The inaugural Syracuse Contemporary Irish Film Festival will take place this week at the Everson Museum of Art’s Hosmer Auditorium, 401 Harrison St. Micha Crook, former contributor to the Syracuse New Times, is continuing her efforts in the local and international film industry to not only give another reason to embrace the heritage of the city and surrounding areas, but also show the ties between Central New York and Ireland.
“How fitting it is that we’re talking about Ireland while surrounded by green trees, grass and flowers while sitting next to the river,” Crook noted, while perched on a bench next to the Seneca River in Lysander, which is one of the areas visited by the first Irish settlers. Other locations in western Onondaga County, including Geddes and the Tipperary Hill neighborhood, served as home to the immigrants in the days of building the Erie Canal.
The festival, however, isn’t about the distant history. As its title indicates, the contemporary film festival features films dating back to 1995.
“It’s exciting to show a modern version of Ireland and its people. The films show what’s on their minds, what things they are worried about in their subconscious,” Crook said. “The same thing takes place here. There are things we worry about and question, things we want to understand and create conversation about.”
There is a reason why Crook slated the film fest at this time of year. Syracuse has one of the country’s most renowned St. Patrick’s Day parades, so Crook didn’t want to get lost in the local celebrations that lead up to March 17. Nor did she want to take away from other annual events, including the St. Patrick’s Festival held July 21 and 22 on Tipperary Hill or the Syracuse Irish Festival returning to Clinton Square this September.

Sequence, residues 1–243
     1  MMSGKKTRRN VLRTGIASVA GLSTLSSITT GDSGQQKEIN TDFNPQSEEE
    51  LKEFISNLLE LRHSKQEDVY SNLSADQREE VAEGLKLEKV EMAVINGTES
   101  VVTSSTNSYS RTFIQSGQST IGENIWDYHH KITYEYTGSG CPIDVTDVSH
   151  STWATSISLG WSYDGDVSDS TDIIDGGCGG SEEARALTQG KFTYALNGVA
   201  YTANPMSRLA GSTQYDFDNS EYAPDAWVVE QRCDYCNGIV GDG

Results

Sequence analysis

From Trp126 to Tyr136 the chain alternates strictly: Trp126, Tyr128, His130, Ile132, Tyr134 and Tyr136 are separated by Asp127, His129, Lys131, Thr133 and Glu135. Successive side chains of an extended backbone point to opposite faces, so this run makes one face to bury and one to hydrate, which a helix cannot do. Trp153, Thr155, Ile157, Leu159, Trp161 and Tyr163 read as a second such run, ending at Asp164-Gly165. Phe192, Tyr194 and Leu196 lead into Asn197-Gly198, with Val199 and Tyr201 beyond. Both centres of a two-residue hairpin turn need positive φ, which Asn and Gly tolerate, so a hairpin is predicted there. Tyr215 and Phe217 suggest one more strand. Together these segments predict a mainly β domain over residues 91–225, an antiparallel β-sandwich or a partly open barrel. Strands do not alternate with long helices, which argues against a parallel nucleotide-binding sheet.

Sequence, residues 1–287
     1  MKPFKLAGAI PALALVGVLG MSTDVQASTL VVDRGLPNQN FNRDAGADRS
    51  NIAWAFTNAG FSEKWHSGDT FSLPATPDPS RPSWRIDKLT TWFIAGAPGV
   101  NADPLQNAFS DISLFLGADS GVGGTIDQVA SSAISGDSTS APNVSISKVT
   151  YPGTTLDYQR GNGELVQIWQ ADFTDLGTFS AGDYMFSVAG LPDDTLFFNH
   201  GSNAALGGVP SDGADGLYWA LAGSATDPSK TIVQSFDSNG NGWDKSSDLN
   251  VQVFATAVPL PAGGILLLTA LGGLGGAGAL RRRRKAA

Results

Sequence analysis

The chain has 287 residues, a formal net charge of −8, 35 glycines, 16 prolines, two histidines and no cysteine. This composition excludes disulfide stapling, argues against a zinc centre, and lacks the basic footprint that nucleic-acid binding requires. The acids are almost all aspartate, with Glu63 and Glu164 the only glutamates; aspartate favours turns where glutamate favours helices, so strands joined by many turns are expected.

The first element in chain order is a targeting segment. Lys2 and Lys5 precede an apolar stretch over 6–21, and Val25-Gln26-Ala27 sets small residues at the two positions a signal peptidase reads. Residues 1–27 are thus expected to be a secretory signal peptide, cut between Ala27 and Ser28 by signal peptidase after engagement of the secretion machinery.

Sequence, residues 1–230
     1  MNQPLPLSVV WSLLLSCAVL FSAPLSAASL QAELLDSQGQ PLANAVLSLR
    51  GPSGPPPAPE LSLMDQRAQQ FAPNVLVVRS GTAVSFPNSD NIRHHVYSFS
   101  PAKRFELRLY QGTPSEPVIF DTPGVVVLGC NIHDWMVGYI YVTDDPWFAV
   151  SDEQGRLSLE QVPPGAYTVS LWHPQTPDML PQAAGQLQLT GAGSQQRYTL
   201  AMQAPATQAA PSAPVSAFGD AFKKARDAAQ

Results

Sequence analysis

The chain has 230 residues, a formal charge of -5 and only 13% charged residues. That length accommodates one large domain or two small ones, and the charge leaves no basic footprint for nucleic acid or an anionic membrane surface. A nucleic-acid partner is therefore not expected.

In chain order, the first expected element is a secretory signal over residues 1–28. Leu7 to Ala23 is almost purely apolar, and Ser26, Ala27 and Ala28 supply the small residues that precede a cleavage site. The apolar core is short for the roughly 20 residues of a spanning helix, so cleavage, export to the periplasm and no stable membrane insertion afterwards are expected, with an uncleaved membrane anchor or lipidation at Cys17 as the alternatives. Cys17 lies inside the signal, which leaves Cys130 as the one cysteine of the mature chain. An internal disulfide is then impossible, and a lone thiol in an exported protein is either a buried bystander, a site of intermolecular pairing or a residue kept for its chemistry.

The fest also follows local Pride Week celebrations. The first film, The Queen of Ireland, a documentary about Irish drag queen Rory O’Neal, a.k.a. Pandora “Panti” Bliss, will be shown Thursday, June 22, at 7 p.m.
“The Queen of Ireland was the film I wanted to get here,” Crook said. “It’s big, splashy and made a lot of waves worldwide at several of the big film festivals. It establishes a modern context of Ireland.”
Festival co-sponsors include ACR Health, a Central New York-based nonprofit with an open door policy to serve and educate everyone, and The Q Center, an ACR offshoot that offers a safe haven for the LGBTQ community. A raffle will be held Thursday to benefit their efforts. “It’s a positive way to use film to build conversation and bring attention to organizations that do really good work,” she said.
In the Obergefell vs. Hodges case of 2015, the U.S. Supreme Court passed the legalization of same-sex marriage in a 5-4 decision. Ireland passed it into law that same year; however, the isle was the first nation to pass marriage equality by popular vote. For this referendum, Irish citizens had to physically be back in Ireland to vote, said Crook. People from across the globe returned to their mother country for one day.